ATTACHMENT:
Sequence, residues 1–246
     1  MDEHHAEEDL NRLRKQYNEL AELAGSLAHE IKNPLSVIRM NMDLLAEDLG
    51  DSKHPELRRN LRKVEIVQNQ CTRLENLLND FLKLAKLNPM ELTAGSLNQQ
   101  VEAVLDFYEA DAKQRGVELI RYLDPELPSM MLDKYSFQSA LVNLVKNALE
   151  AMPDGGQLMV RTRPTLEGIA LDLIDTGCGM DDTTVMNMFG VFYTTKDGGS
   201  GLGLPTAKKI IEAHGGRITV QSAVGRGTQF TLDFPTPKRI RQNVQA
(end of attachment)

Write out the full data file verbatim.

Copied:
Sequence, residues 1–246
     1  MDEHHAEEDL NRLRKQYNEL AELAGSLAHE IKNPLSVIRM NMDLLAEDLG
    51  DSKHPELRRN LRKVEIVQNQ CTRLENLLND FLKLAKLNPM ELTAGSLNQQ
   101  VEAVLDFYEA DAKQRGVELI RYLDPELPSM MLDKYSFQSA LVNLVKNALE
   151  AMPDGGQLMV RTRPTLEGIA LDLIDTGCGM DDTTVMNMFG VFYTTKDGGS
   201  GLGLPTAKKI IEAHGGRITV QSAVGRGTQF TLDFPTPKRI RQNVQA